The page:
Tag Archives: Disease Control

Why COVID-19 might never be eradicated | Instant News

Compared to many other countries in the world, Australia and New Zealand have done an extraordinary job controlling COVID-19.

There are 738 active cases of COVID-19 in Australia. Only 62 were in the hospital.

The situation in New Zealand is similar, with 136 active cases, only two of them in hospital.

If we continue on this path, can we eliminate COVID-19 from Australia and New Zealand?


To answer this question, we first need to understand what elimination means in the context of disease, and how it differs from control and eradication.

Disease control is when we see a reduction in disease incidence and prevalence (new cases and current cases) as a result of public health action. Reduction does not mean zero cases, but rather to an acceptable level.

Unfortunately, there is no consensus on what is acceptable. This can differ from disease to disease and from jurisdiction to jurisdiction.

For example, there were only 81 cases of measles reported in Australia in 2017. Measles is considered controlled in Australia.

In contrast, measles is not considered to be controlled in New Zealand, where there was an outbreak last year. From 1 January 2019 to 21 February 2020, New Zealand recorded 2,194 cases of measles.

For disease elimination, there must be zero new cases of disease in a given geographic area. There is no specific period to be maintained – usually depends on the incubation period of the disease (the time between exposure to the virus and the onset of symptoms).

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For example, the South Australian government sought 28 days of no new cases of the corona virus (twice the incubation period of COVID-19) before they considered removing it.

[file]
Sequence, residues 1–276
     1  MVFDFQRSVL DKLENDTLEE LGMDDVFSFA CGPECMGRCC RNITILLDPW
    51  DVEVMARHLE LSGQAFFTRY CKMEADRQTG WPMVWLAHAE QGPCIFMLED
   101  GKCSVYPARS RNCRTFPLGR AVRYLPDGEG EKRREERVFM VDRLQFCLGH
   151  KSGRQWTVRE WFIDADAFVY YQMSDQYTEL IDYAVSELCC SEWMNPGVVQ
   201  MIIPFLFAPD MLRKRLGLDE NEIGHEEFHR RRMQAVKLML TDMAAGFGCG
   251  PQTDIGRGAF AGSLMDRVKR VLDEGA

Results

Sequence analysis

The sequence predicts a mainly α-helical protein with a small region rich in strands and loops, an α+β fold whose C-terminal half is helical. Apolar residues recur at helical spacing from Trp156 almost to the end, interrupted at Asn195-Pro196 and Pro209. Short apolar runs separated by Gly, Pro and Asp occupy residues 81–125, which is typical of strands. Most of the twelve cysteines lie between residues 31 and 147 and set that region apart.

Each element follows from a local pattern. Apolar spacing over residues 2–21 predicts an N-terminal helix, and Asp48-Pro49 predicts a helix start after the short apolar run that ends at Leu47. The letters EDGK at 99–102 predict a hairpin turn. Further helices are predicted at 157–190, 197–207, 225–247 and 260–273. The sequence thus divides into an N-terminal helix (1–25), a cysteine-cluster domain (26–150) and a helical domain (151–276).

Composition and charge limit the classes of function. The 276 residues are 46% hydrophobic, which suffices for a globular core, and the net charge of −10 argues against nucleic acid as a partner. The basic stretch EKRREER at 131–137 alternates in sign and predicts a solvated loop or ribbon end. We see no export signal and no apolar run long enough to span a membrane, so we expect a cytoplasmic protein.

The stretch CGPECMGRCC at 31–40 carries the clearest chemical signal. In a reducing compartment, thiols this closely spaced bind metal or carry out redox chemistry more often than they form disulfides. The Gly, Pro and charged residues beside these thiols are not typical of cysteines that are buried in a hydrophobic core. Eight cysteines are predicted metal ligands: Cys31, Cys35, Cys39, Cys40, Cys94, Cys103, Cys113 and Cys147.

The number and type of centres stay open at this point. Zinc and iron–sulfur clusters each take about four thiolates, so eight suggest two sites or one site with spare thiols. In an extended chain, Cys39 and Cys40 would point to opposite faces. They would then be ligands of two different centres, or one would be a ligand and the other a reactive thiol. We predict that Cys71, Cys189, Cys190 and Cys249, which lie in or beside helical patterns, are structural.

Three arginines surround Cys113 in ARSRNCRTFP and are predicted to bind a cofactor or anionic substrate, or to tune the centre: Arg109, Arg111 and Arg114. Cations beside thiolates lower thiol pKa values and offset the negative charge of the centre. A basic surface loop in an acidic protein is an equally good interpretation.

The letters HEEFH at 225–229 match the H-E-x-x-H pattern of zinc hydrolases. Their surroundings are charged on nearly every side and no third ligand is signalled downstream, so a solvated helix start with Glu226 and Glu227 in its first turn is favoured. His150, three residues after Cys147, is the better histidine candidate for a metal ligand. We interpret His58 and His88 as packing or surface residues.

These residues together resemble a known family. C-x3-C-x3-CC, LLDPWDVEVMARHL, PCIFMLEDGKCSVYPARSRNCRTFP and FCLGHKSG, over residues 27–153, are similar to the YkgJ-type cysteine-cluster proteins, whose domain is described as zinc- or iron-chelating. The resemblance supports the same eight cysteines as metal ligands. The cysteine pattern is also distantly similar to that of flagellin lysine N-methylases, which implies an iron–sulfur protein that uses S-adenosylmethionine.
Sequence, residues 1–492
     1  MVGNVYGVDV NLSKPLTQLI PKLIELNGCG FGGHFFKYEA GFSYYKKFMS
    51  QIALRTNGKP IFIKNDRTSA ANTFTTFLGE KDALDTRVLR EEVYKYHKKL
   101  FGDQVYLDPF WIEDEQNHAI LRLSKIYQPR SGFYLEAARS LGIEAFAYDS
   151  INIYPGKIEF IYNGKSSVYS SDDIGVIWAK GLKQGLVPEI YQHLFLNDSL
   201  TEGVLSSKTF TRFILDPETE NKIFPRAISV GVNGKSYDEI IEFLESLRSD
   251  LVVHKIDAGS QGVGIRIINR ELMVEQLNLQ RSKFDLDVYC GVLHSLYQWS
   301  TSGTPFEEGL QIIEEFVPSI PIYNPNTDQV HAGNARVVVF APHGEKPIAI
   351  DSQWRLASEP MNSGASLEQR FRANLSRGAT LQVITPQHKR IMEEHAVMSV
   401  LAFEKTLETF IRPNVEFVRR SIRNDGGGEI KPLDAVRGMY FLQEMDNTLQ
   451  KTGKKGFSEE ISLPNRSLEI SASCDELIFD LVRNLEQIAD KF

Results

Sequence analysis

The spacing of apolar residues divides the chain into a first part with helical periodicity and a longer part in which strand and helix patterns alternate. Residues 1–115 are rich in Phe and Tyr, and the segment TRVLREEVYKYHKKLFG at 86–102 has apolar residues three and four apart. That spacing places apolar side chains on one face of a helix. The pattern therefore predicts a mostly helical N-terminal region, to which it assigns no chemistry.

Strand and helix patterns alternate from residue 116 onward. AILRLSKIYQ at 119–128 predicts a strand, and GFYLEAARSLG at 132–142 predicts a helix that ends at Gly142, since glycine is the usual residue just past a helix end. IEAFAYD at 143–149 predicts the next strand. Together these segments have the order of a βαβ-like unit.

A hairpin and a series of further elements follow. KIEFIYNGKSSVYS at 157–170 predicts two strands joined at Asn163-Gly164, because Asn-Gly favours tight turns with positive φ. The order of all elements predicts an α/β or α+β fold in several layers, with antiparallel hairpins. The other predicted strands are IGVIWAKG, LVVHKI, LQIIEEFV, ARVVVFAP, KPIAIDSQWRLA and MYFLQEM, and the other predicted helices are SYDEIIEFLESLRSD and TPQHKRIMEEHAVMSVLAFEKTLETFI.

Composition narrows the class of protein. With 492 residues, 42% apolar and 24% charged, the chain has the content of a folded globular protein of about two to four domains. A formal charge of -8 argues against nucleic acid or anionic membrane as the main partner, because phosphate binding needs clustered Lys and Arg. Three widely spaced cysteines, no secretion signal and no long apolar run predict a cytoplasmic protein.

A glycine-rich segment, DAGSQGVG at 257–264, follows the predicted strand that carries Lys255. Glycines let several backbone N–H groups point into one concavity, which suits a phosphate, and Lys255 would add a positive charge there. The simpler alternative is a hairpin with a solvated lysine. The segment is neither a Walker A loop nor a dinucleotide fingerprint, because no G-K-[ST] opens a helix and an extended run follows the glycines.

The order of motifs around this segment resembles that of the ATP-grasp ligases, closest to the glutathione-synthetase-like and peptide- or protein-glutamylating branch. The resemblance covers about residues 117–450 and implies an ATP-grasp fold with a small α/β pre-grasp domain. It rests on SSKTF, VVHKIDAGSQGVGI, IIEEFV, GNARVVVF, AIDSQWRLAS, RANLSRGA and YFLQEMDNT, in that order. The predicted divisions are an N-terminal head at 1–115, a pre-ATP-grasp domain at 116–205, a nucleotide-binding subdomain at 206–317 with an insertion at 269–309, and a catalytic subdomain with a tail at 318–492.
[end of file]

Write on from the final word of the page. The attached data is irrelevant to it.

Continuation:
Even when a disease has been eliminated, we continue interventions such as border control and surveillance testing to ensure it does not return.

For example, in Australia, we have succeeded in removing rubella (German measles). But we maintain an immunization schedule and disease control program.

Finally, eradication of disease is when there is no worldwide incident of an illness after a deliberate attempt to eliminate it. In this scenario, we no longer need intervention.

Only two infectious diseases have been declared eradicated by the World Health Organization – smallpox in 1980 and rinderpest (disease in cattle caused by paramyxovirus) in 2011.

Polio is nearing eradication with only 539 cases reported worldwide in 2019.

Guinea worm disease is also close to a total of only 19 human cases from January to June 2019 in two African countries.


In Australia and New Zealand, we have controlled COVID-19.

What’s important, in Australia, effective reproduction amount (Reff) close to zero. Reff’s estimate comes from mathematical modeling, which has not been published for New Zealand, but Reff is likely close to zero in New Zealand too.

Reff is the average number of people infected by each infected person. So an average of 2 means on average, everyone with COVID-19 infects two other people.

If the Reff is greater than 1, the epidemic continues; if Reff is equal to 1, it becomes endemic (that is, it grumbles permanently); and if the Reff is lower than 1, the epidemic is gone.

So we can be on the road to elimination.

In both Australia and New Zealand we have found almost all cases of imports, quarantined them, and traced contacts. Based on extensive community testing, it also seems that there are very few cases obtained by the community.